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Woman with her schedule open calling to make an appointment for a hearing test.

Even if you have glasses (the type you put on your face, not the kind you drink out of), you still see your eye doctor annually, right? Because your eyes change over time. Nothing in your body is fixed, not your eyes and not, it turns out, your ears either. That’s why, just as it is with your eyes, it’s crucial to keep having your ears assessed even after you’ve invested in a nice pair of hearing aids.

Regrettably, many people skip those routine check-ups. Maybe they’ve been too occupied enjoying their lives to get back in to see your physician. Or maybe, work has been especially hectic this year. Or maybe you’ve simply decided to not go back in because you’re so pleased with your hearing aids. It seems like that would be good, right?

Getting your hearing examined

Let’s take Daphne as a fictional example. For quite a while, Daphne has noted some symptoms connected to her hearing. She keeps turning the TV up. She has a hard time understanding conversations at after-work happy hours in loud restaurants. And so, she goes in to have her hearing tested (because she’s intelligent and she takes care of herself).

Daphne makes certain to follow all of the instructions to manage her hearing impairment: she gets fitted for new hearing aids and has them correctly calibrated, and then goes back to her normal routine.

Problem solved? Well, maybe not entirely. Going in for a screening allowed her to recognize her hearing loss early and that’s excellent. But, in the long run, follow-up care becomes almost more significant for people with even minor hearing loss. Maintaining routine appointments would be a smart idea for Daphne. However, one study revealed that only about 33% of seniors with hearing aids get routine check-ups so Daphne isn’t alone.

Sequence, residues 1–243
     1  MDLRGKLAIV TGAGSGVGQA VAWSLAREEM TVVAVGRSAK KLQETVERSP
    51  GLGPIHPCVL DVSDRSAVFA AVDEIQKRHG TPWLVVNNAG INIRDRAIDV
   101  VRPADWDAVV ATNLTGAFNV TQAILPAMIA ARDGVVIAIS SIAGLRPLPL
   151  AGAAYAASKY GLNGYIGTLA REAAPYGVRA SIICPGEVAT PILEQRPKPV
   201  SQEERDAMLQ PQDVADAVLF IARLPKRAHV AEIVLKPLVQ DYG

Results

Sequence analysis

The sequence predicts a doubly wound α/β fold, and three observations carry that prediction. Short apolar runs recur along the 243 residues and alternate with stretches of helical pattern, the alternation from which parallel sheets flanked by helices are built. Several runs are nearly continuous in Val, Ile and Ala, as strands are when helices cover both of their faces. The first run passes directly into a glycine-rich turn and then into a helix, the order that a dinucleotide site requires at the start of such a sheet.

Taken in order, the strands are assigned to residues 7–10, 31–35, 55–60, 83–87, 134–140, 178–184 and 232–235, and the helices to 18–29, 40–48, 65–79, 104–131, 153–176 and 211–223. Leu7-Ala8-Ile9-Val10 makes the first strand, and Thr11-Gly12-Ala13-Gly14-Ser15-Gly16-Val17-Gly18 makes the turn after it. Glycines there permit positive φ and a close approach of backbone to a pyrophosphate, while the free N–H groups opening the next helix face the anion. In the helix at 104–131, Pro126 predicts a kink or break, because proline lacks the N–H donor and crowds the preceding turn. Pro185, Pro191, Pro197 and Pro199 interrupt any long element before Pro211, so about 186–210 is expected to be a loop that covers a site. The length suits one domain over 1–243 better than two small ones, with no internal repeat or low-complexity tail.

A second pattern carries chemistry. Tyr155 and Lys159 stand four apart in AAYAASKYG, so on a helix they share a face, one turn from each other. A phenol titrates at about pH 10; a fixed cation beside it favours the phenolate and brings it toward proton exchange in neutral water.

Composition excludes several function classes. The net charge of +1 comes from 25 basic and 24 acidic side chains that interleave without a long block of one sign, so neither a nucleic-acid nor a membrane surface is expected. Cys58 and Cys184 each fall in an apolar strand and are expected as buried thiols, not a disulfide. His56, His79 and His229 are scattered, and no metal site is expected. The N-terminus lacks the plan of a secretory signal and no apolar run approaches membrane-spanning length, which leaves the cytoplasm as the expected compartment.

If you already use hearing aids, why do you need regular hearing exams?

Remember when we used the glasses metaphor earlier? Just because Daphne uses hearing aids now doesn’t mean her hearing will become static and stop changing. Her hearing aids will need to be adjusted to account for those changes. Any hearing changes can be identified early with periodic monitoring.

And there are other benefits to getting regular hearing assessments once you get hearing aids. Some of the most prevailing reasons to make sure you get to your next appointment include:

  • Hearing degeneration: Your hearing may continue to deteriorate even if you use hearing aids. If this deterioration is slow enough, you probably won’t recognize it’s happening without the assistance of a hearing screening. Correct adjustments to your hearing aids can frequently slow hearing loss.
  • Hearing aid calibration: Your hearing changes in small ways, and while your overall hearing may remain stable, these slight changes may require you to get regular hearing assessments. Without this calibration, your hearing aids could slowly become less and less effective.
  • Your fit may change: It’s possible that there will be a shift in the way your hearing aids fit as your ears are always changing. Making sure your hearing aids continue to fit well is a big part of your regular check-ups.

Dangers and hurdles

The problem is, Daphne may, in her frustration, stop using her hearing aids entirely because they’re not functioning correctly. Using hearing aids helps slow down hearing loss over time. Your hearing will decline faster if you quit using your hearing aids and you probably won’t even detect it.

As far as achieving optimal performance of your hearing aids, and optimal hearing, regular hearing exams are essential. Yearly hearing exams or screenings can help you be sure your hearing aids are functioning as they should and that your hearing remains protected.

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The site information is for educational and informational purposes only and does not constitute medical advice. To receive personalized advice or treatment, schedule an appointment.